Ajifu 5 people with a slow progression of faces of older people living in these hidden societies. Ponti, Viviane. Carnival, Brazil. Digital image. Lonely Planet, 2011. Web. 2 Dec. 2012. <$26710-6>. This is a picture of one of the performances in Brazils Carnival, which is a celebration of its multi-cultural background. It is a recent picture that shows how different types of people come together to celebrate and embrace their cultural differences. Quilombos. Digital image. Doladodeca, 22 June 2011. Web. 1 Dec. 2012. <>. This is a picture of a sign written in Portuguese, which says Communities, Maroon People, Land Rights. It is a primary source of protest from the people, in which they want to speak out about the rights of the Maroon people to land that theyve occupied for many, many years. The Brazilian government wants to take away their land, to produce it for economic benefit, but it is also a big political issue. Sao Paulo. Digital image. Brazlian History: Independent Brazil's Economic Development. Historical Boy's Clothing, 9 Feb. 2009. Web. 1 Dec. 2012. <>. This is a primary photograph of the living conditions of newly freed slaves living in Sao Paulo in 1913. It shows how poor the Africans were and how much they still suffered, economically, in a society that ended slave trade. Snider, Colin M. Golden Law. Digital image. Americas South and North. Wordpress, 2 Sept. 2012. Web. 2 Dec. 2012. <>.

Ajifu 6 This is a primary document of Princess Isabels Golden Law, which abolished slavery in 1888. This is a very important piece of Brazilian history, because it freed a vast amount of its people from the slave trade. Stuenkel, Oliver. Brazil and Africa. Digital image. Brazil in Africa: Bridging the Atlantic? PostWestern World, 15 Jan. 2012. Web. 1 Dec. 2012. <>. This illustration shows the relationship between Brazil and the African continent. It further reinforces the points being made about the African influence on Brazilian culture. Taylor, Kit Sims. Sugar and the Underdevelopment of Northeastern Brazil, 1500-1970. Gainesville, FL: University of Florida, 1978. Questia School. Web. 6 Nov. 2012. This eBook provided lots of information about the conditions of Brazil during the slave trade and their involvement in the sugar industry. Sugar was a major industry in Brazil and was a large contributor to the Brazilian economy. Turner, Tyrone. "Where Slaves Ruled - Photo Gallery - Pictures, More From National Geographic Magazine." Where Slaves Ruled - Photo Gallery. National Geographic, n.d. Web. 07 Oct. 2012. <>. This gallery of photos is a first hand experience for photographer, Tyrone Turner with the maroon people living in quilombos. These hidden communities still thrive in Brazil today. Zweig, Stefan, and Andrew James. Brazil, Land of the Future. New York: Viking, 1941. Questia School. Web. 6 Nov. 2012.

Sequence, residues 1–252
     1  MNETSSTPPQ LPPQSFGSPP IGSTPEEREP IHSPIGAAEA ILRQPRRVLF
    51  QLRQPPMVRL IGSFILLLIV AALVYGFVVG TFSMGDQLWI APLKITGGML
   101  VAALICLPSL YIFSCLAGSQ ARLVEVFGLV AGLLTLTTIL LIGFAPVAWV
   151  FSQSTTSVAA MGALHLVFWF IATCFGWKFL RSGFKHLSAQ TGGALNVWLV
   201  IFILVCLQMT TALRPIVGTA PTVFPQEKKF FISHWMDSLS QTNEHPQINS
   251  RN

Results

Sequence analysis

Ajifu 7 This eBook provided information about the natural resources of Brazil and how useful it could potentially be for its people. These facts back up the points being made about decisions political leaders have taken in trying to develop the land for industrial purposes.